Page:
ASU grant to help recruit African American male students
by Melissa Tune, WRDW
There’s been some progress, but the numbers show that when it comes to getting a college degree, African American males continue to rank last. That’s why Augusta State University is hoping that a $20,000 “African American Initiative” grant will help.
Back in 2005, fewer than eight percent of African America males graduated from college.That number hasn’t changed that much since then, but ASU is hoping this grant will help some young men get an education and get ahead in life.
Sterling Wimberly could have been anywhere on Monday night, but he chose to be inside a classroom at ASU. The sophomore Marketing major serves in the National Guard and he’s commutes to campus. Somehow, he gets it all done.
“It is getting harder for young African American students to get into college,” Wimberly told News 12. “Not only get into college, but stay in college once they get in there.”
He’s absolutely right, and he’s actually a rarity. Out of 6500 students at ASU, only 377 of them are African American men. But that’s about to change because of a state grant aimed at enrolling more African American males.
“It’s important to just get an education and focus on your dreams, ” said Wimberly.
Karen Mobley is the director of ASU Student Development. She says the grant will help bring more black males to the university.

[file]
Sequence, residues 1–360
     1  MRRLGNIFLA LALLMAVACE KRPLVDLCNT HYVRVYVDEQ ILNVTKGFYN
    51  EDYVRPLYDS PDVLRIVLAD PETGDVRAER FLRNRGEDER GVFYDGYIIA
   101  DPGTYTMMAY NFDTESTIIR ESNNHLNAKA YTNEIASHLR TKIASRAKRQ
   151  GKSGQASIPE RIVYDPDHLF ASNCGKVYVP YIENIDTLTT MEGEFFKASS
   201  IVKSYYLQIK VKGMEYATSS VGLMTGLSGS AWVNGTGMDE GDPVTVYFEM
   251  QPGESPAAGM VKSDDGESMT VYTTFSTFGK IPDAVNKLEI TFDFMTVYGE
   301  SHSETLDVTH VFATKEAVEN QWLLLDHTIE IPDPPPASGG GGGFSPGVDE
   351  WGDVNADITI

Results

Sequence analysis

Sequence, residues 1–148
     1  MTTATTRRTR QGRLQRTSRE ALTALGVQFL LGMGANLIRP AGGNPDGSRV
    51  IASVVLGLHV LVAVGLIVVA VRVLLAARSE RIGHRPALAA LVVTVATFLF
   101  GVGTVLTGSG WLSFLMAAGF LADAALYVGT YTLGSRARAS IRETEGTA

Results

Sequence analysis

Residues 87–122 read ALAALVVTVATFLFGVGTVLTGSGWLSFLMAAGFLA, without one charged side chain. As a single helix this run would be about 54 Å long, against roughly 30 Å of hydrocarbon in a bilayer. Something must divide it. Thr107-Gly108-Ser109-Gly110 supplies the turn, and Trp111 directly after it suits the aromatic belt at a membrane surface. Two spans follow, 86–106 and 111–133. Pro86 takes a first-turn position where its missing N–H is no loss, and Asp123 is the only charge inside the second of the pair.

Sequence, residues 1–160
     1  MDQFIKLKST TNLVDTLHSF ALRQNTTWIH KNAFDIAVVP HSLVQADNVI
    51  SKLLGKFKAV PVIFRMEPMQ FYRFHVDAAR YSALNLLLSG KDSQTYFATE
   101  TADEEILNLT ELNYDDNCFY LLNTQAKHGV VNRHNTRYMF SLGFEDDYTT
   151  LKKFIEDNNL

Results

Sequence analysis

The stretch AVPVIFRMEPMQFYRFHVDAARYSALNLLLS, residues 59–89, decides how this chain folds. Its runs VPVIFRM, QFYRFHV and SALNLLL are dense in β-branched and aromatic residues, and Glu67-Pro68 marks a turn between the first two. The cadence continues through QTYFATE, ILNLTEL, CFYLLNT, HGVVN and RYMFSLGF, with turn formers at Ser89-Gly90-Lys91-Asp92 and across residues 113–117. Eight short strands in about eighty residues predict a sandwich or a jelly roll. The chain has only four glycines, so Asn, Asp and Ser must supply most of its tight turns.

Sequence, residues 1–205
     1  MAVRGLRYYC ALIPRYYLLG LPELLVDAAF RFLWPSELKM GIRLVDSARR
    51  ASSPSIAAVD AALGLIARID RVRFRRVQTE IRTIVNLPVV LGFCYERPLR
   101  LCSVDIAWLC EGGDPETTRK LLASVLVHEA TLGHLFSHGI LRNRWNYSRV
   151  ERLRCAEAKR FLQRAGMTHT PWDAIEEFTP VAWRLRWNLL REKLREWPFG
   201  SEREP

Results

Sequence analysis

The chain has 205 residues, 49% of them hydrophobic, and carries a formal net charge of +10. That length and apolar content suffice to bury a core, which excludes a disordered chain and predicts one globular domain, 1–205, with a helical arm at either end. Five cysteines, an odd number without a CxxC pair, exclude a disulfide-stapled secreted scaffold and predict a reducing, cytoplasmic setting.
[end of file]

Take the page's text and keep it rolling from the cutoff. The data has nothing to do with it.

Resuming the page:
“Unfortunately, African American men have the biggest hurdle,” said Mobley. “They have the lowest rate of college attendance.”
Mobley says they started out with a retention rate of of about 48 percent, and since the program began in 2006, they increased the retention rate to 67.3 percent.
“Summer Bridge” is one of the programs for which ASU will use the grant money. It is a transitional program aimed at helping the young men acclimate themselves to college life.
ASU is one of 13 Georgia colleges to share in the grant from the Lumina Foundation. ASU will get $20,000 and the college will match it.
“The Board of Regents in Georgia has made a strong commitment,” said Wimberly. “Our administrators are taking this program extremely seriously. Wwe are utilizing our student services and department academic. Everyone is on board to make this imitative successful.”
When ASU got the same grant back in 2006, Mobley remembers the student being a success and the students as well.
“We’ve had a number of success stories. I”m very proud of our first cohorts of African American males. In fact, when we started the program in 2006, we started out with about 21 students. Of those students, two students have graduated early, one student is in law school. So, for any African American male out there, there are so many opportunities out there, and ASU is one of your options.”
For Sterling Wimberl, it’s his option for success.
“I’d just like to encourage my fellow brothers to try and get into school,” Wimberly said. “It’s actually easier than ever to get into school, but they need to go ahead and get into school make a difference in their communities.”
ASU is one of the few schools that will also receive a research opportunity to look more closely into African American male initiative programs. The data will assist the University System in finding ways to improve the retention and graduation rates of African American men.